Feds admit wrongly giving 2,000 immigration help

Credit: Jamie Dupree

Credit: Jamie Dupree

The Obama Administration has admitted to a federal judge that it has once again wrongly provided illegal immigrants with benefits of the President's executive actions on immigration, even though those immigration policy changes are now on hold because of a temporary injunction handed down by a federal judge in Texas.

The feds revealed in a court filing late last week that it "discovered that another group of approximately 2000 individuals had been erroneously sent three-year work authorizations after the Court had issued its injunction," Justice Department lawyers wrote to Federal Judge Andrew Hanen.

"The Government sincerely regrets these circumstances and is taking immediate steps to remedy these erroneous three-year terms," the feds added.

Credit: Jamie Dupree

Credit: Jamie Dupree

Critics of the President's immigration actions saw something much different than an honest mistake.

Texas Attorney General Ken Paxton, who has led the charge against the immigration changes, said "the Obama Administration has established a pattern of renegade behavior making it clear it sees itself entirely above the rule of law."

As Paxton noted correctly, it's not the first time that the federal government has handed out benefits from the President's executive actions, either before they were supposed to begin, or after being told by a federal judge to stop.

The first admission was that the Obama Administration gave out expanded work permits to over 100,000 people who were being spared the possibility of deportation; that was done beginning in November of 2014 even though the program was not supposed to start until February 18.

55 others also "erroneously received" three year "Employment Authorization Documents," after a federal court blocked the implementation of the President's changes; a footnote in the latest legal submission from the Obama Administration says that number now seems to be 72.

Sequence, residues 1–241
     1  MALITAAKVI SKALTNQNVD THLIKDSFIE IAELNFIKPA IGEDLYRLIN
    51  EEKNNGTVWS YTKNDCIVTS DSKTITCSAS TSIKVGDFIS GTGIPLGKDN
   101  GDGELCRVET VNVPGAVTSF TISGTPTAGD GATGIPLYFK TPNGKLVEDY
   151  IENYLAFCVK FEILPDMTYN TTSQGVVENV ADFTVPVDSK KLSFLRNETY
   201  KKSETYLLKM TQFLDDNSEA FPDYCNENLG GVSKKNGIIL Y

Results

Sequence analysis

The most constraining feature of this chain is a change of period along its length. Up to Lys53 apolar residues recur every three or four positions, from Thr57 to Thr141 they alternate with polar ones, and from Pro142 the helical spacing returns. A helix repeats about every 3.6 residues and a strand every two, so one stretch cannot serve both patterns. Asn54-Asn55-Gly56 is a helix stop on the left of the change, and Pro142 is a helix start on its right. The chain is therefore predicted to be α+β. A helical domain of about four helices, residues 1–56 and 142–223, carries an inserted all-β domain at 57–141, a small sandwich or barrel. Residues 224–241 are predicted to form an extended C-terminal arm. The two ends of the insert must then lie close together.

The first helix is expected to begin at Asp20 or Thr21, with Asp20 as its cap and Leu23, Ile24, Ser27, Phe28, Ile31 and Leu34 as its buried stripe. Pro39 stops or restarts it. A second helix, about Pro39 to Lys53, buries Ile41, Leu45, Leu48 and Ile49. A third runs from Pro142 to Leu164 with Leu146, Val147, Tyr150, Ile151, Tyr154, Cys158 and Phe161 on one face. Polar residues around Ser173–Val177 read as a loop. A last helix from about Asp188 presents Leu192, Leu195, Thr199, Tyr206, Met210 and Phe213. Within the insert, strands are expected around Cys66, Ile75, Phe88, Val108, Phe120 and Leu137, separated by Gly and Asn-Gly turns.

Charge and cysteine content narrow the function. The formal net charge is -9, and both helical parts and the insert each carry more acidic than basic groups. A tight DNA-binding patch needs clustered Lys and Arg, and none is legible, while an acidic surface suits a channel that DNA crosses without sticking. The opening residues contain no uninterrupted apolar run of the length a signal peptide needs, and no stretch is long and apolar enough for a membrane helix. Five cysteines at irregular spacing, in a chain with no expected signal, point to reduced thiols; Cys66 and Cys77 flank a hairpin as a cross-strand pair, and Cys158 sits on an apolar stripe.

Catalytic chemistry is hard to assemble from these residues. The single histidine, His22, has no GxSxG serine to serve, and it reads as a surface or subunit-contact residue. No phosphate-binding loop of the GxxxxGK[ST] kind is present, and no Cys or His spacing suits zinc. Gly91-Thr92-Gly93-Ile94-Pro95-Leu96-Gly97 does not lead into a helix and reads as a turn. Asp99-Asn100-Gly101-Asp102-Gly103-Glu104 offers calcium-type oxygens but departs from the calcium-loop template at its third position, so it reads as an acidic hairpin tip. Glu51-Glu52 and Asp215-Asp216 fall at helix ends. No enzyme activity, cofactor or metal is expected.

Credit: Jamie Dupree

Credit: Jamie Dupree

Now, the feds say over 2,000 other people in the United States illegally also received the same three year extended work permits instead of the two previously authorized by President Obama.

"DHS is already in the process of converting these three-year terms into two-year terms," the Justice Department said in a submission late last week to Judge Hanen.

The feds promised "additional details" for the court, no later than this Friday.

"The Government sincerely regrets these circumstances and is taking prompt corrective steps, while gathering additional information about these issues, including how these errors occurred," the Justice Department wrote.

It wasn't clear exactly who had authorized this latest batch of three year work permits, or why the message of the court's injunction had not been received by certain federal immigration officials.

Asked last week about the court fight over the President's immigration changes, White House spokesman Josh Earnest said, "we continue to be extremely confident of our legal position and of our legal arguments, and that’s working its way through that process."

A three judge panel of the Fifth Circuit Court of Appeals heard arguments on April 17 on whether to lift the injunction against the executive immigration actions; so far, no ruling has been issued.